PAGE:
Part of the coverage of the horrific aftermath of Hurricane Ian, along with the growing death toll and devastation to property, are questions about the delay in evacuation of Lee County, Florida, and whether the hurricane forecast was the reason for it.
A large number of the fatalities in the hurricane occurred in Lee County. Despite other parts of Florida evacuating Monday, Lee County held off until Tuesday, during a time when the weather had already took a turn for the worst. This, understandably, has led to the media having questions.
Fingers were pointed at the forecast. It is true that Sunday, the center of the hurricane track was the Big Bend area, then shifted to Tampa early Monday, and then eventually as Monday progressed, to the Fort Myers area. The key here is “center of the hurricane track.”
Hurricane forecasts are difficult. Not just getting the track and intensity correct, but also communicating this to the public. I talked about this in my last First Draft post. One communications tool used by the National Hurricane Center is the “cone of uncertainty.”
The cone is the forecast track, and the cone is based on average forecast errors at each date point – 24 hours out, 48 hours out, etc. Forecast track accuracy has improved over the years, so this cone is narrower. Here is an example of the cone during the leadup to Ian:
Note what it says at the top, about how this shows the probable path. The problem is, much of the public focuses on that line. But anyone inside that cone is potentially in the path, and is at risk.
However, some only see that line. And that is a big problem. Not everyone has my weird obsession about weather, and not everyone gets the same level of information that is afforded to government and emergency officials; although much of this information is available to the public via storm statements from the National Hurricane Center.
As Dr. J. Marshall Shepherd, a leading international expert in weather and climate and director of the University of Georgia’s Atmospheric Sciences Program wrote this week, meteorologists need to understand that many people get their weather information from an app or TV source. This can lead to misunderstandings like not understanding tools like the cone of uncertainty.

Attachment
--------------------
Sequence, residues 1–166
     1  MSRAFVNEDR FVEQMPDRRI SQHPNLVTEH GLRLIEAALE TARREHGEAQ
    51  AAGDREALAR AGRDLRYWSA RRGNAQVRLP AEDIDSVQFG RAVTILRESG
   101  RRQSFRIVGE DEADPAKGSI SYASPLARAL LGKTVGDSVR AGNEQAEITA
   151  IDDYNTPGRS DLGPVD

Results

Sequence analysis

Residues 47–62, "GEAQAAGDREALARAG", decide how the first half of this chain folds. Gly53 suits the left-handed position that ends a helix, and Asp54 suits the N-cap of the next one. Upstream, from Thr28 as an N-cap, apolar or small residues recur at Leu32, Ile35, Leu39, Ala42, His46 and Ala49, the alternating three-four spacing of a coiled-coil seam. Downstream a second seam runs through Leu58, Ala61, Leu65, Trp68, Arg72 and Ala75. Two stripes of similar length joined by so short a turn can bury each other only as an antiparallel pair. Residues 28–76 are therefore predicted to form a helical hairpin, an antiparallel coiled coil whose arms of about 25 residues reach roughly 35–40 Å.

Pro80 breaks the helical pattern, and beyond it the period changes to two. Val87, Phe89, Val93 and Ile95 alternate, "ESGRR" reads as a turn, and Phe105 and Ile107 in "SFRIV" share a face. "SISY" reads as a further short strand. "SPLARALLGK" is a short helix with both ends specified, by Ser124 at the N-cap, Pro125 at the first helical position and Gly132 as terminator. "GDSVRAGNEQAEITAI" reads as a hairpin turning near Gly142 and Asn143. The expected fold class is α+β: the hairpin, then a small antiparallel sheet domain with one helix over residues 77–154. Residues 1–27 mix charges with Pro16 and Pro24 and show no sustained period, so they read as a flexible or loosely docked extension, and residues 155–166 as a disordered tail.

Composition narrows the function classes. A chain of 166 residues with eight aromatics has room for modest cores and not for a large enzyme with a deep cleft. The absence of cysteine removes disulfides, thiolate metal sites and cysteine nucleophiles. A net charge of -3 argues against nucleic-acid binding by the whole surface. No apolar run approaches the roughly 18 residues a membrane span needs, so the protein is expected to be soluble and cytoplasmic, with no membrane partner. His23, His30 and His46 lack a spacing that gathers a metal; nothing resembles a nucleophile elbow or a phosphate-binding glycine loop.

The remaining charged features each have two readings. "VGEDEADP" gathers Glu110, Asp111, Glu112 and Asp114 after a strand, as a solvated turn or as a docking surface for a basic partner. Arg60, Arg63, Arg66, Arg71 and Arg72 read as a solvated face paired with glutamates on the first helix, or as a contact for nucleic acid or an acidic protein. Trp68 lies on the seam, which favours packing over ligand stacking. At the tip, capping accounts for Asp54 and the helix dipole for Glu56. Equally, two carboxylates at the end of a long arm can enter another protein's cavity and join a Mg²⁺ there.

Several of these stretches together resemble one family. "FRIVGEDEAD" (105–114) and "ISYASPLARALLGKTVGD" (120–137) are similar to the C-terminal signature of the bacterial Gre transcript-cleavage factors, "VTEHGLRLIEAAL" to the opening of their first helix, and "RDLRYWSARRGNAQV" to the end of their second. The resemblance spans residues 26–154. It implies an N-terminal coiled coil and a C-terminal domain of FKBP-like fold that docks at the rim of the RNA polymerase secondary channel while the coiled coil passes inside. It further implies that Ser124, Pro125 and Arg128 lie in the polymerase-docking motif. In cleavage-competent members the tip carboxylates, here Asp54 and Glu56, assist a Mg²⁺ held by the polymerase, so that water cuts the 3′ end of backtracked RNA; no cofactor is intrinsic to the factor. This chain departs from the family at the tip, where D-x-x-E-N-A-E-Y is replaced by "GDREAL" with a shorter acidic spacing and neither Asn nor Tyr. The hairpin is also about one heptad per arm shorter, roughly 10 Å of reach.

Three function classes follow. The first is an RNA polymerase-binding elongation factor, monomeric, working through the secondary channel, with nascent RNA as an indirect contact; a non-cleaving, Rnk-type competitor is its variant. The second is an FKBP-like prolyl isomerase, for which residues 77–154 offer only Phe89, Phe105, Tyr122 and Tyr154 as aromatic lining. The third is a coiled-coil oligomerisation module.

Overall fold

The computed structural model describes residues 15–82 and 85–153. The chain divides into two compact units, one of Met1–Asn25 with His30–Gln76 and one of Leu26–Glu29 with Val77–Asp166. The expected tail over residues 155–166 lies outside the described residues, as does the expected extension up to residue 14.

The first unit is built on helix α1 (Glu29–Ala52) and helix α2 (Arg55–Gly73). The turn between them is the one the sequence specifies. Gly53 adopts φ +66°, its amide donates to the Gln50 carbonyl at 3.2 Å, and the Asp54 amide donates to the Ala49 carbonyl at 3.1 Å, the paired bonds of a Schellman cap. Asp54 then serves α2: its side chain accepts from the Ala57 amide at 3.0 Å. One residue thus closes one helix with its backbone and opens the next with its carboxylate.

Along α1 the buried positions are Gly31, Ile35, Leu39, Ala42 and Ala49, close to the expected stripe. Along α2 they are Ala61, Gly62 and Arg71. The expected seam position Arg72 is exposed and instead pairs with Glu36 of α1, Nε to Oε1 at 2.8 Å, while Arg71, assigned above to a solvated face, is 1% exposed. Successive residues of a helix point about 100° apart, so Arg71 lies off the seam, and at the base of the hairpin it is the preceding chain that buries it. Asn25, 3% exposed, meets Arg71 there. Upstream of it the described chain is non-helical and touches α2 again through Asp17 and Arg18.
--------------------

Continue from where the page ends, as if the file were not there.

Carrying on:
So messaging is vital, and this leads me to the delay in evacution by Lee County officials. They are not supposed to be getting their weather information from an app, but from coordinated updates from the National Weather Service. They are also a key source for messaging, and it is not hard to see how not ordering evacuations until the last moment sends the very wrong message to the public. This is exasperated by the fact that Lee County, as Dr. Shepherd notes in his piece linked above, was never at any point outside the forecast track cone. It was not always in the bullseye. But it was in the area of risk.
Of course, there has been another factor that has reared its head, and that is the convenient scapegoat that weather forecasters provide government officials in these sort of gaffes. Not-Great Human Being and New York Governor Andrew Cuomo attempted to foist lack of preparedness for a lake-effect blizzard in 2014 on forecaster error, and the meteorology community was waiting with knives out to counter this narrative, including normally Cheerful Weather Guy Al Roker:
— Al Roker (@alroker) November 23, 2014
Don’t mess with Al, man.
In the case of Ian, White Boot Enthusiast Ron DeSantis said the following:
“They were following the data. And you remember, people were looking initially at the Panhandle on Sunday, then Monday came, and people were thinking maybe north of Tampa Bay. When we went to bed Monday night people were saying this is a direct hit on Tampa Bay, worst case scenario for the state. As that track started to shift south and the computer models, the next morning they called for the evacuation, they opened their shelters and they responded very quickly to the data.”
Look, I know that they have a very difficult job. If you order an evacuation for a nothingburger, you end up looking bad. You also run the risk of the Boy Who Cried Wolf Syndrome, where the next storm’s warning gets ignored because the public says “we remember the last time when we left for nothing at all.” But in the wake of a disaster like Ian, everyone, from the National Hurricane Center, to politicians, to emergency management, to the people living in hurricane regions themselves, need to look at what happened with Ian and learn some difficult lessons. This will likely happen.
Because with climate change, the risks of Ian being the last catastrophic hurricane are pretty high, and that much is certain.
The last word goes to Neil Young: